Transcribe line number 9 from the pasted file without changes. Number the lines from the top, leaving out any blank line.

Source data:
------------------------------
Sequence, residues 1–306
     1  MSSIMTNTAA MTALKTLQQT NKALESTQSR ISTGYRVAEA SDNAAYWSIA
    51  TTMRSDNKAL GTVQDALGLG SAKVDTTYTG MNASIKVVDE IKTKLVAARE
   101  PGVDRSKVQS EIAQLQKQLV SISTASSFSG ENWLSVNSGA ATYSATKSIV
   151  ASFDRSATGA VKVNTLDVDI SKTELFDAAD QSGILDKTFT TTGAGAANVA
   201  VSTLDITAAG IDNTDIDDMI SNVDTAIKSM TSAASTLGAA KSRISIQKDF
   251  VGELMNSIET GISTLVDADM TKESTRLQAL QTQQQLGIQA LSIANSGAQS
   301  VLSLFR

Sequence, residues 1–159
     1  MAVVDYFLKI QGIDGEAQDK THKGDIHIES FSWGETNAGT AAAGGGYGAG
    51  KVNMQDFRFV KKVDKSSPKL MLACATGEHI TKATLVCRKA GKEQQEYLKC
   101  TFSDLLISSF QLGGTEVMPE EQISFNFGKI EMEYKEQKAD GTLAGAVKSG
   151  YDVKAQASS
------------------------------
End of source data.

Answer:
Sequence, residues 1–159